By contrast, the Government's variable university fees Bill, which was squeezed through the Commons with the slimmest of majorities, would guarantee universities a reliable stream of income. And by permitting different institutions to charge different fees, it would enable students to make a judgement about the value of an academic course. The Tories' proposals would allow none of these things.

Despite the myopia of the Liberal Democrats and the Conservatives on this issue, tuition fees are a progressive measure. Although unpopular in many households, they are a crucial step in setting universities on a sound financial footing, and breaking their dependence on the largesse of central government, which has been so damaging over the years.

And it is fundamentally right that those who reap the financial benefits of a university education should pay for it. Those who claim that the prospect of substantial debts puts poorer students off going to university too often disregard the fact that debts will only be paid off after graduation, and when someone starts earning more than a certain amount. They also disregard the fact that unless universities stabilise their finances, it will be future students who pay the highest price.

There is a justified debate about where to set the limits on tuition fees, and what proportion of their cost should fall on the state and the student, but the principle is attracting more support. Mr Collins' proposals are an imaginative attempt to square the circle, but there is nothing in them to suggest that they constitute any practical alternative to allowing the universities of the land to charge fees for their services.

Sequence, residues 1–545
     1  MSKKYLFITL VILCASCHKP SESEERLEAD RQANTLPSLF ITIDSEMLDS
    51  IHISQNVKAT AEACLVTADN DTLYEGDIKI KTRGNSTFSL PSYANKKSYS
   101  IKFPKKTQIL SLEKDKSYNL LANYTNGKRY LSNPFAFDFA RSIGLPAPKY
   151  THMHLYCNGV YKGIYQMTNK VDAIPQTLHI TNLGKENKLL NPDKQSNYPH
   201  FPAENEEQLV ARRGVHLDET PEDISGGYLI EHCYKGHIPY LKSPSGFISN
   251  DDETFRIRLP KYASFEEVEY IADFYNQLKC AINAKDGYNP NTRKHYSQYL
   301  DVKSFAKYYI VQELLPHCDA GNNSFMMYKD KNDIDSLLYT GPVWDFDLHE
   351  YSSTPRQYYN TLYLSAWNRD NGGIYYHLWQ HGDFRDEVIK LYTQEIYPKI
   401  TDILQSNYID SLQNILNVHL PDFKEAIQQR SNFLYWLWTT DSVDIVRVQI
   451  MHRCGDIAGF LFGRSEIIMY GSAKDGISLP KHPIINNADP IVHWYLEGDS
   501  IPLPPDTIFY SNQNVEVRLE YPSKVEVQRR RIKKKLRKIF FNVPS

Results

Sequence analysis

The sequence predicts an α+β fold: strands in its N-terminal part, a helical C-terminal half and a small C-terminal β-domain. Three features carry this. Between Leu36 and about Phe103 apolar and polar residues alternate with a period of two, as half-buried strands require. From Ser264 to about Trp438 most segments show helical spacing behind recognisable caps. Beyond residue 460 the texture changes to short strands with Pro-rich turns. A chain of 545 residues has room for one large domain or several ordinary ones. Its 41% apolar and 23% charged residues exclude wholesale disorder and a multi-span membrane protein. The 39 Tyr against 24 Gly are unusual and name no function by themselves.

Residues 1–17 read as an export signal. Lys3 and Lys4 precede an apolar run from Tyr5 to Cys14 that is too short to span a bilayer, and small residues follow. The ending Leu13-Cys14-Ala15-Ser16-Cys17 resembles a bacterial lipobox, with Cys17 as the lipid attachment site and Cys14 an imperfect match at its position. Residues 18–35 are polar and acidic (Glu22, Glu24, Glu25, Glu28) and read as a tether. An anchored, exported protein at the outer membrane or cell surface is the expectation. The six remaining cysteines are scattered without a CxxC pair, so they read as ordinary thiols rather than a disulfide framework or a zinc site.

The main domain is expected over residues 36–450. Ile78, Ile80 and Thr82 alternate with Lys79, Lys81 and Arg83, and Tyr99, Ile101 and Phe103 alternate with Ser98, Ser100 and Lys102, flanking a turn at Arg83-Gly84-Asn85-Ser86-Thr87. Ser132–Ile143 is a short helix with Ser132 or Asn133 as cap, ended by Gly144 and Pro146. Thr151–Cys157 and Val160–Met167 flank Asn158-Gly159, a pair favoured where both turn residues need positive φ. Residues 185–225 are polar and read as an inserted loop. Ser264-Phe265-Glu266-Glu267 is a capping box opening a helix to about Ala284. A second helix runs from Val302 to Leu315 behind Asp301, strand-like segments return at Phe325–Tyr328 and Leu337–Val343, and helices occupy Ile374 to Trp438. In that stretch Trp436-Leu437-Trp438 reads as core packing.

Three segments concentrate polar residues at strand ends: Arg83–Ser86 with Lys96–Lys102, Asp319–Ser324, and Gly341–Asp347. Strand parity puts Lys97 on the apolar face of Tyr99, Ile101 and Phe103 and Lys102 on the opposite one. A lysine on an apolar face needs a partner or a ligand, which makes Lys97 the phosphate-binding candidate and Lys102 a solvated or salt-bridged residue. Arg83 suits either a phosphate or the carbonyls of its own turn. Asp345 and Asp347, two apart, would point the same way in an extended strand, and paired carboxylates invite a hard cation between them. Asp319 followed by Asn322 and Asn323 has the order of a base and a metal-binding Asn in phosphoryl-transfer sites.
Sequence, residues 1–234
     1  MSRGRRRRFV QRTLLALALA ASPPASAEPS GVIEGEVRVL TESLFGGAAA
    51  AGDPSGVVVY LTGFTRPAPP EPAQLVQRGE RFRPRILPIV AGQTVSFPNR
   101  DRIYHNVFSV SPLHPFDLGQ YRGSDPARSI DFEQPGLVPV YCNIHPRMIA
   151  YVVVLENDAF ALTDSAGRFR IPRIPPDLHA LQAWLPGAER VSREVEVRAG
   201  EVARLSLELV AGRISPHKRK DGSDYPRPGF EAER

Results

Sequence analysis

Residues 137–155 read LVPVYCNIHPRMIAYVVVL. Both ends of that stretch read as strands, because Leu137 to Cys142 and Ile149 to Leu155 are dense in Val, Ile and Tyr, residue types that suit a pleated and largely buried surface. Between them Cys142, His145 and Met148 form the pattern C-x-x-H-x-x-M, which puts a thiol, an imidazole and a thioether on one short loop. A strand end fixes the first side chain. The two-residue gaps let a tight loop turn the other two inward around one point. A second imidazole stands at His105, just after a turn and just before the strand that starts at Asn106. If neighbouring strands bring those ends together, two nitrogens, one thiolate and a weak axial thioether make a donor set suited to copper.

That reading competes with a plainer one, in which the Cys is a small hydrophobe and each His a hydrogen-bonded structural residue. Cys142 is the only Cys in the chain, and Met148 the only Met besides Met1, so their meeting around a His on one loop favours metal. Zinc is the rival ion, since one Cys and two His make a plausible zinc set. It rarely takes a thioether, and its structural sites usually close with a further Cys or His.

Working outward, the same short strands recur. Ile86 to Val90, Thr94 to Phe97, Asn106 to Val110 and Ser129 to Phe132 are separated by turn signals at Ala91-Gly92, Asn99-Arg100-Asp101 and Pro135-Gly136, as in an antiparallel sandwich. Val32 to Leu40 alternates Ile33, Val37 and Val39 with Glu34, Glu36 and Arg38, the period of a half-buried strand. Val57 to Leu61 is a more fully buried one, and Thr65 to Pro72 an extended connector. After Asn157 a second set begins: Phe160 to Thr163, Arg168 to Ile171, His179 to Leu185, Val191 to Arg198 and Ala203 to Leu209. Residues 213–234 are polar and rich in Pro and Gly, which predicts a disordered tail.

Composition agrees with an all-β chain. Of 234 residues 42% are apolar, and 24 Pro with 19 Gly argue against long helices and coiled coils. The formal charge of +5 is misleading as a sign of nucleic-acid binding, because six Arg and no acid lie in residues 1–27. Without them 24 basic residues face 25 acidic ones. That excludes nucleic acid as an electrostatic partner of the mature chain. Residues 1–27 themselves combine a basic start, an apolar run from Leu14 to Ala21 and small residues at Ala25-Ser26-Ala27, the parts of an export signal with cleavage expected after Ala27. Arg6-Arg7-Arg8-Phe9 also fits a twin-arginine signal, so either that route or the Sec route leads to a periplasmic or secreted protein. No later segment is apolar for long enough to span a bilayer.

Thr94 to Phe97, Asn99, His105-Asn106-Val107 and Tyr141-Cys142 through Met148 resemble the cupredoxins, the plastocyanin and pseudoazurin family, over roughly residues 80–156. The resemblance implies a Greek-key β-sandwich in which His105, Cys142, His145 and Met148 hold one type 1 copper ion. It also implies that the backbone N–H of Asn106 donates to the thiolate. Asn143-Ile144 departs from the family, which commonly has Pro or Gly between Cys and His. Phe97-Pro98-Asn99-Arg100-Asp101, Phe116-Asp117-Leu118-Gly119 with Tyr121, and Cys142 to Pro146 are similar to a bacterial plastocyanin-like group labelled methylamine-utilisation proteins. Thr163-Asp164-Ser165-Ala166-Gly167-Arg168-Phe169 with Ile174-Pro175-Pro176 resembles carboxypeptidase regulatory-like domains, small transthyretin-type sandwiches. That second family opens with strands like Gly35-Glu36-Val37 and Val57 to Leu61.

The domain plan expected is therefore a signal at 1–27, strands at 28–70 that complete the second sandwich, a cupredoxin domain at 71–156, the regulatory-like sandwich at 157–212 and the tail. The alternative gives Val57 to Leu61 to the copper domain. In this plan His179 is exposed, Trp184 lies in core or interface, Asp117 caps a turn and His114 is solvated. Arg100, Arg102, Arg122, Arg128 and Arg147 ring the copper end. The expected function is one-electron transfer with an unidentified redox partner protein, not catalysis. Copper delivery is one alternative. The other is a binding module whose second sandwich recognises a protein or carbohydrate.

React Now

Latest stories from i100
iJobs Job Widget
iJobs General

Ashdown Group: UI Developer - (UI, HTML, CSS, JavaScript, AngularJS)

£25000 - £40000 per annum: Ashdown Group: UI Developer - (UI, JavaScript, HTML...

Ashdown Group: Graduate UI Developer - HTML, CSS, Javascript

£25000 - £30000 per annum: Ashdown Group: Graduate UI Application Developer - ...

Ashdown Group: B2B Marketing Manager - Events, Digital, Offline

£45000 - £50000 per annum: Ashdown Group: B2B Marketing Manager (Events, Digit...

Guru Careers: Senior Account Manager / SAM

£30 - 35k: Guru Careers: A Senior Account Manager / SAM is needed to join the ...

Day In a Page

Read Next
 

Daily catch-up: Liz Kendall speaks to the Westminster press pack – kamikaze or courage?

John Rentoul
Ukraine’s hope of a future with the West has ended with death and annexation in the east  

Ukraine’s tragedy casts a pall over the EU summit

Mary Dejevsky
Is a quiet crusade to reform executive pay bearing fruit?

Is a quiet crusade to reform executive pay bearing fruit?

Dominic Rossi of Fidelity says his pressure on business to control rewards is working. But why aren’t other fund managers helping?
The King David Hotel gives precious work to Palestinians - unless peace talks are on

King David Hotel: Palestinians not included